Roofing boss is fined

A Donside roofing boss has been fined after one of his workers was seriously injured when he fell five metres from the edge of a flat roof.

Alister McNeilly, 26, worked for Brian George Mackie, who traded as Donside Slating which specialises in roofing work.

Aberdeen Sheriff Court heard that on November 10 2010, Mr McNeilly was working with a colleague to fix lead onto the flat roof area of a house in Strathdon.

Mr McNeilly was throwing lead cut-offs onto the ground while standing on the flat roof when he either slipped or inadvertently stepped off the edge. He lost his balance and fell five metres to the ground, landing on his right side near a skip.

His right hip ball joint was severed from his thigh bone and a metal plate and four pins had to be inserted. He was in hospital for four days and was off work for 16 weeks. He has largely made a full recovery but still experiences pain in his hip.

Following the incident, an investigation by the Health and Safety Executive (HSE) found that no scaffold platform with guard-rails and toe-boards or any other form of fall prevention equipment were in place to prevent falls either from the edges of the flat roof or at the edge of the lower porch roof.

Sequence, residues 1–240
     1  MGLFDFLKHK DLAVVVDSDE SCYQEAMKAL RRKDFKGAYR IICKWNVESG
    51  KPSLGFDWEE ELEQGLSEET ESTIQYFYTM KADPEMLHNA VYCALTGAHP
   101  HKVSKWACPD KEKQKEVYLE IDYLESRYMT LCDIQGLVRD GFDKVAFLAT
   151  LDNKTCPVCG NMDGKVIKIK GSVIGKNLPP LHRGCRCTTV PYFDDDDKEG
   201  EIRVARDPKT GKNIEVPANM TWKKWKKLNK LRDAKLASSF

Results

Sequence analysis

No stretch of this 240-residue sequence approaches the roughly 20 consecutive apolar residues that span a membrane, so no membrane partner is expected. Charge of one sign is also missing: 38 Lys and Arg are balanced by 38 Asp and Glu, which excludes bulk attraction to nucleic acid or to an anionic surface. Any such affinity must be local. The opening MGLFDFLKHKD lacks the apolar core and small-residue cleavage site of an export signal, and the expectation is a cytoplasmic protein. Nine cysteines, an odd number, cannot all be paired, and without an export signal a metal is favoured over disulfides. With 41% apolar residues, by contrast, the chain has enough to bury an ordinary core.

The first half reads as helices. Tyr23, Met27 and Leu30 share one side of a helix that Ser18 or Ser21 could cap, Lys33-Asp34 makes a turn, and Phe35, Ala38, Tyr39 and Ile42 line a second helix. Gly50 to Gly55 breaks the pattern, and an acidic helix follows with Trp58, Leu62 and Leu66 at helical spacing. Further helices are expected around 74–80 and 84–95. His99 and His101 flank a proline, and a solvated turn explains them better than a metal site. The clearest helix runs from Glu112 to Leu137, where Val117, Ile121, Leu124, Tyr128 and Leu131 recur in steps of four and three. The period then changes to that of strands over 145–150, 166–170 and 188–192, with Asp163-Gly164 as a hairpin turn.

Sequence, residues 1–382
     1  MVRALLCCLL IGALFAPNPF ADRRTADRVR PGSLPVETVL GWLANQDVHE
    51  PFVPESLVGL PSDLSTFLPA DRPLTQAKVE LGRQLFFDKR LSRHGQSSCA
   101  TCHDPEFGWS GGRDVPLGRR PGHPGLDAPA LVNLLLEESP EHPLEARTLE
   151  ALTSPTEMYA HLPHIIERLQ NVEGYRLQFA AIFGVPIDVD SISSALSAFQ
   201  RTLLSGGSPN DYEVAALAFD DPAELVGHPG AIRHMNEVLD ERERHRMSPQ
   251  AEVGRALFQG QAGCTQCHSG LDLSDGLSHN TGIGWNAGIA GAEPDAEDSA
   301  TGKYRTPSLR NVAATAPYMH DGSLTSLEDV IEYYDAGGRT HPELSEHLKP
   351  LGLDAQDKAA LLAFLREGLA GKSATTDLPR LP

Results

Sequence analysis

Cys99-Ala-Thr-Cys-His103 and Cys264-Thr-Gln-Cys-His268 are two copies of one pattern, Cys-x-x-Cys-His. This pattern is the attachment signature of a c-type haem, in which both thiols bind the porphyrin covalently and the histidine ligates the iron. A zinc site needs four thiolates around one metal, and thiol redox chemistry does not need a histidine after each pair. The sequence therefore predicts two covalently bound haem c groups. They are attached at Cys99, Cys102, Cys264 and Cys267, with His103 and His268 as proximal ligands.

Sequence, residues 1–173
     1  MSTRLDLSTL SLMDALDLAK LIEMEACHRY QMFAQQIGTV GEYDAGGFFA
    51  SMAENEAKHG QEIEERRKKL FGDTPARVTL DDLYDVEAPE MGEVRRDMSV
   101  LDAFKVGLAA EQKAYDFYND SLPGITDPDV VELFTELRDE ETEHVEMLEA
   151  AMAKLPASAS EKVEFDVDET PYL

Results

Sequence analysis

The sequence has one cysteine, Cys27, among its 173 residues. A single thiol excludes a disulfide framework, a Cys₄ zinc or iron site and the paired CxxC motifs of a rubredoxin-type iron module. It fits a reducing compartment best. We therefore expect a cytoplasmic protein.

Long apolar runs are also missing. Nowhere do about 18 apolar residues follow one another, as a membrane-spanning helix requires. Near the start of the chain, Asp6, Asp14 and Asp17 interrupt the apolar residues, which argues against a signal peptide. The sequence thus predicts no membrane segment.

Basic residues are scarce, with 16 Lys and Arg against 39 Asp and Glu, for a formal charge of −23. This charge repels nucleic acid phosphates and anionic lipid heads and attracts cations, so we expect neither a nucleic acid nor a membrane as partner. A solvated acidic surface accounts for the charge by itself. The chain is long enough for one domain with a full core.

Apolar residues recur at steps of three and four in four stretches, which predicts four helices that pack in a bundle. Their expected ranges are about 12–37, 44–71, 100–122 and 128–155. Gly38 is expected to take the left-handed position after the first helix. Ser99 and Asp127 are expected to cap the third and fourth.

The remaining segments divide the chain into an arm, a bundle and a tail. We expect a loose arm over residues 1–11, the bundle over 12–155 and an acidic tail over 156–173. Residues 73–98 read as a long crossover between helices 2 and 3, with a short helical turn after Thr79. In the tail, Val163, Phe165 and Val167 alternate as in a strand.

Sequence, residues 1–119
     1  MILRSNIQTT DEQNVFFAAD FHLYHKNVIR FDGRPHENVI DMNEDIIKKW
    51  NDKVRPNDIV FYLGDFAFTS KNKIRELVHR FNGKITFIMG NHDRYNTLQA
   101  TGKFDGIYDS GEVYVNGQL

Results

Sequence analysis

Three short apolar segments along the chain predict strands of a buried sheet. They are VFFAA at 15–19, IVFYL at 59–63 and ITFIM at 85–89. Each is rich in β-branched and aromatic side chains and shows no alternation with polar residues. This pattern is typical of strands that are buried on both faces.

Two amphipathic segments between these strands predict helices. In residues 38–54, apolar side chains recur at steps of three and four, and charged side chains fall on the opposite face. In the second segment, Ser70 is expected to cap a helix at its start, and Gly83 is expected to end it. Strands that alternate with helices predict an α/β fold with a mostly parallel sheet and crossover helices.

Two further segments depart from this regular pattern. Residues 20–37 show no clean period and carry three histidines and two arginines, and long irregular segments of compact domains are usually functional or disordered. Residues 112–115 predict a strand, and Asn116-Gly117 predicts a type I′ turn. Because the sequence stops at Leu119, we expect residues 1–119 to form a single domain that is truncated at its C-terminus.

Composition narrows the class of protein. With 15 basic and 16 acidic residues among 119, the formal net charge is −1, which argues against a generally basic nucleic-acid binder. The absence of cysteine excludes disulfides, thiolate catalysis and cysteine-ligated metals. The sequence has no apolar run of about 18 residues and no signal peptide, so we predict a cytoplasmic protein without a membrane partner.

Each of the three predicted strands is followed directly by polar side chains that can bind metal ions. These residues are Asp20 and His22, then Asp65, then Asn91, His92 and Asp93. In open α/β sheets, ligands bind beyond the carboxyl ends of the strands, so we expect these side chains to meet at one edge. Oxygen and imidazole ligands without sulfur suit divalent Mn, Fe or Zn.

The investigation also revealed that Mr Mackie had not been to the site that morning or in the three or four days prior to the incident and had not given any specific instructions about how to do the work.

At Aberdeen Sheriff Court today, Brian George Mackie, 43, of Auld Kirk, Rough Park, Strathdon, was fined £15,000 after pleading guilty to breaching Regulation 4 of The Work at Height Regulations 2005.

After sentencing, HSE inspector Liz Standen said: “Mr McNeilly was very lucky to survive a five metre fall.

“He suffered serious injuries because his employer did not ensure that the flat roof area was safe to use, with the necessary fall prevention equipment in place, before work started and he did not given any specific instructions about how to carry out the work safely.

“This incident was completely avoidable if Mr Mackie had planned the work in advance and simple measures such as suitable barriers had been in place.”

In 2010/11, 38 people (both employees and self-employed) in Britain died and there were 3,177 serious injuries after work-related falls from height. Guidance on working at height safely can be found at:

* Regulation 4 of The Work at Height Regulations 2005 states: “Every employer shall ensure that work at height is (a) properly planned; (b) appropriately supervised; and (c) carried out in a manner which is so far as is reasonably practicable safe, and that its planning includes the selection of work equipment in accordance with regulation 7.